CORAL GABLES, Fla. – Last March, the Hurricanes managed four spring practices before a global pandemic changed everything.
Workouts were canceled. After an extended spring break, Miami pivoted to remote learning. Players returned home, unsure when they’d see their teammates and coaches again.
The Hurricanes – like the rest of South Florida – are still navigating COVID-19’s impact on day-to-day life, but, after implementing a number of safety precautions last season and adjusting as needed, they expect this spring will be markedly different than last year.
And with a number of new coaches and faces on the roster, they’re excited to get to work.
“I thought today was a great day. We came out for the first day and we showed good effort. That was a big emphasis [in] today’s practice, just showing effort, showing you could be tough and get through this first practice,” safety Bubba Bolden said Monday after the Hurricanes wrapped up the first of their 15 scheduled spring workouts. “The first day is always one of the hardest days and I think we did good overall.”
The team that took the field Monday looked a bit different from the squad that wrapped up the 2020 season in Orlando last December in a hard-fought Cheez-It Bowl loss to Oklahoma State.
Veteran quarterback D’Eriq King will be watching spring drills from the sideline as he continues working back from a knee injury he suffered in the bowl game. That opens the door for freshman Tyler Van Dyke, redshirt freshman Peyton Matocha, redshirt sophomore Ryan Rizk and newly arrived freshman Jake Garcia – once he recovers from a minor foot injury of his own – to get significant work over the course of the next few weeks.
That, offensive coordinator Rhett Lashlee said, will be key as the start of the 2021 season inches closer over the course of the next few months.
“I fully expect [Garcia] to continue to improve and do more and more as the spring goes on. We’re excited about that,” Lashlee said. “I don’t think at this time, there’s any reason to believe there’s any major issues there. And with regards to Peyton and Tyler, I’m really just excited to get to see them. I’m going to learn a ton about them myself. They work extremely hard. Both guys have been in our system for a year, so they know what they’re doing, but there’s no substitution for real reps, whether it’s with the [first-string offense], [second-string offense] or in a scrimmage. That’s the blessing of this spring. With D’Eriq being out, those guys are going to get more reps than they ever would have gotten, to grow and develop and show what they can do.”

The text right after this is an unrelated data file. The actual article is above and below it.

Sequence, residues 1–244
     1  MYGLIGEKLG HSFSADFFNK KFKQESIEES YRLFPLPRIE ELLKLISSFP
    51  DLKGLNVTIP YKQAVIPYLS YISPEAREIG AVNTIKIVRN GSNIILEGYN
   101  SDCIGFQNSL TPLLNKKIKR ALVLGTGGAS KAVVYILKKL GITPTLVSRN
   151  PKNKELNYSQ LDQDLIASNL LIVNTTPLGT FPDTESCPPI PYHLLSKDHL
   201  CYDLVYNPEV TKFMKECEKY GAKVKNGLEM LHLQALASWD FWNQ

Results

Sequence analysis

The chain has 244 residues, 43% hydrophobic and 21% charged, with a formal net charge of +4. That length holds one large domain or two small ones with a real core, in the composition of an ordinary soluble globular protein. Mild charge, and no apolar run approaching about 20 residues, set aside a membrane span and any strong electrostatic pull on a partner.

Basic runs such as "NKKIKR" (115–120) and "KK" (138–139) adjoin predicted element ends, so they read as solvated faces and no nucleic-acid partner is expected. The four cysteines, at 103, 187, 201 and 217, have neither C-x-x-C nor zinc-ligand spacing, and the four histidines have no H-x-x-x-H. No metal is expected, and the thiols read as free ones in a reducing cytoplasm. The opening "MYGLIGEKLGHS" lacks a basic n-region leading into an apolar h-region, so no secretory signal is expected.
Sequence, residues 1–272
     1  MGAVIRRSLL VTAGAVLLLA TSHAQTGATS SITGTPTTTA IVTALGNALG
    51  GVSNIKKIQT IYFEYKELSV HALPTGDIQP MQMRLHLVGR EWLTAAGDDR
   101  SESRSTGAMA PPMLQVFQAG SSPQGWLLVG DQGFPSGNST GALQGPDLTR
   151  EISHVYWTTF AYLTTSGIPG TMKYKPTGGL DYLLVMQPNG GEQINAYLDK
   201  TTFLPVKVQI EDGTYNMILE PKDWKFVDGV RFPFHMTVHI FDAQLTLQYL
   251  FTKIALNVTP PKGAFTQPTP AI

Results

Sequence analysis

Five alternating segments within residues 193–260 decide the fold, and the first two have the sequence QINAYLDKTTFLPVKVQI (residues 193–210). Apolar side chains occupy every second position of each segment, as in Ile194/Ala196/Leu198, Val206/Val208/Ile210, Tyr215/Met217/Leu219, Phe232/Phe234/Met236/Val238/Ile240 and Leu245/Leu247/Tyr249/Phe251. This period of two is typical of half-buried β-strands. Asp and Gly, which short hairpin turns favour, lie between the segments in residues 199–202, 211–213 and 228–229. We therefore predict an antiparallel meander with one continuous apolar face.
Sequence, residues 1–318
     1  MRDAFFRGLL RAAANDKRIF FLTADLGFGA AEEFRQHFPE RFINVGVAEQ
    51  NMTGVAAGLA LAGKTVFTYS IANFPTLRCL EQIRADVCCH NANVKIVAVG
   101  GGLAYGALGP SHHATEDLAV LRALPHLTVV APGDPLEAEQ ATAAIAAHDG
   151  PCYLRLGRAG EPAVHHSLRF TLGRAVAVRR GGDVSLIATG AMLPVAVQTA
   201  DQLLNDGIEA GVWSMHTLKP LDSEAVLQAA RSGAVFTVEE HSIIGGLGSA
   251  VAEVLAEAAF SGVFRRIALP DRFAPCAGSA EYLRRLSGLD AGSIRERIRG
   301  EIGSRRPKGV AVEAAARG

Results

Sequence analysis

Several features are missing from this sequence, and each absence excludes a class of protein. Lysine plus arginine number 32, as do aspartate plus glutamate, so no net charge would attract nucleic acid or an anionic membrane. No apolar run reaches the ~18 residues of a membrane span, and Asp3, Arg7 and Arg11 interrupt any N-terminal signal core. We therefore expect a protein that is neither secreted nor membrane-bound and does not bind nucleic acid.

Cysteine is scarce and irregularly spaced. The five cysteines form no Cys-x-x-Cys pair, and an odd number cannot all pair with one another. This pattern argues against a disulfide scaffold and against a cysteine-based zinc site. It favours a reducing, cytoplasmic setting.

Once the Hurricanes got on the field Monday, it didn’t take long for the young quarterbacks – Van Dyke, in particular – to make an impression.
“Tyler’s cool, calm and collected, but he’s really a competitor. He’s not that vocal, but on the field, he’s a solid general,” said Hurricanes receiver Mike Harley. “He gets the ball where it needs to be, calls out the plays and runs the offense like he’s QB1.”
As the offense goes through some transition this spring, Miami’s defense will look different, too, both on the field and on the sideline.
Head coach Manny Diaz has taken over play calling duties for Miami’s defense, while several new assistants – including defensive backs coach Travaris Robinson, cornerbacks coach DeMarcus Van Dyke, defensive line coach Jess Simpson and outside linebackers coach Ishmael Aristide – will be getting to know their new players.
Several early-enrollees have already joined the program, as have several transfers, including receiver Charleston Rambo, defensive end Deandre Johnson and cornerback Tyrique Stevenson.
All may still be learning the Miami playbook, but like Van Dyke, they wasted no time making their presence felt on Greentree during Monday’s practice.
“He’s a great player, very football minded, very football smart,” Bolden said of Stevenson. “He went to Georgia and that’s obviously a big-time school. … Him coming here gives us extra depth, extra knowledge, extra veteran experience. He’s played against Alabama and those types of teams. He knows the feeling. But at the same time, he’s still new to the program. He’s still got to work his way in. He’s still got to learn the plays and stuff like that, but I think he’s coming along very well and he’ll be a big key to our team.”
Said Harley of Rambo, “Fast. He’s fast. He can run and get open well. First thing, is just getting used to the atmosphere, getting used to Greentree, getting used to the sun. But he’s a great receiver already. He’s definitely a competitor.”
The Hurricanes’ work over the course of the spring won’t be limited to what they do on the field.
Because players were away from campus for an extended period last year, there will be an emphasis on making sure the Hurricanes improving on the offseason gains they’ve made in the weight room with David Feeley, Miami’s director of strength and conditioning.
Harley noted Monday he’s already added about 12 pounds of muscle, while dropping his body-fat percentage to about 8%. Safety Amari Carter, meanwhile, said he has added 10 pounds of muscle to his frame.
To compete in their season opener against Alabama later this year and be in contention for an ACC title, getting stronger on and off the field will be crucial.
“It’s been encouraging to see our guys really get after it and the work Dave Feeley and his staff have done in the weight room with our players,” Diaz said last week. “We’ll continue to lift pretty heavy throughout spring ball and we’ll max out at the end of the semester. I think we’ve already had 30 guys hit [personal records]. … It’s been fun to see the guys work and develop. … A lot of guys are doing the right thing in our program. Excited to get on the grass … get back to playing some football.”